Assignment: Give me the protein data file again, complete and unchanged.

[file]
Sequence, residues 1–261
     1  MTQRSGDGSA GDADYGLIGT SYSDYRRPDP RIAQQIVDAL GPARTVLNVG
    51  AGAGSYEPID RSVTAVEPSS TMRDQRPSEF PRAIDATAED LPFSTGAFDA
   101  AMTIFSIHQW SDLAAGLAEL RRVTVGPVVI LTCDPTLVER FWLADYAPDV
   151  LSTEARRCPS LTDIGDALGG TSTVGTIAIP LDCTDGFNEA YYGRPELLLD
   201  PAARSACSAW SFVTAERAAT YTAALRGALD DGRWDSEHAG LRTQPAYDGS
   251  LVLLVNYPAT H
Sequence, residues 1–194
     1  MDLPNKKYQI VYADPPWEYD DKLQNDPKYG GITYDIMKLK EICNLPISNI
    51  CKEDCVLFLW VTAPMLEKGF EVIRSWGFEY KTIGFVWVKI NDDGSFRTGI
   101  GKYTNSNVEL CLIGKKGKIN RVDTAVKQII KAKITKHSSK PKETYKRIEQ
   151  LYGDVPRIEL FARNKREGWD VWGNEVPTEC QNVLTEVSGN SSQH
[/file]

Sequence, residues 1–261
     1  MTQRSGDGSA GDADYGLIGT SYSDYRRPDP RIAQQIVDAL GPARTVLNVG
    51  AGAGSYEPID RSVTAVEPSS TMRDQRPSEF PRAIDATAED LPFSTGAFDA
   101  AMTIFSIHQW SDLAAGLAEL RRVTVGPVVI LTCDPTLVER FWLADYAPDV
   151  LSTEARRCPS LTDIGDALGG TSTVGTIAIP LDCTDGFNEA YYGRPELLLD
   201  PAARSACSAW SFVTAERAAT YTAALRGALD DGRWDSEHAG LRTQPAYDGS
   251  LVLLVNYPAT H
Sequence, residues 1–194
     1  MDLPNKKYQI VYADPPWEYD DKLQNDPKYG GITYDIMKLK EICNLPISNI
    51  CKEDCVLFLW VTAPMLEKGF EVIRSWGFEY KTIGFVWVKI NDDGSFRTGI
   101  GKYTNSNVEL CLIGKKGKIN RVDTAVKQII KAKITKHSSK PKETYKRIEQ
   151  LYGDVPRIEL FARNKREGWD VWGNEVPTEC QNVLTEVSGN SSQH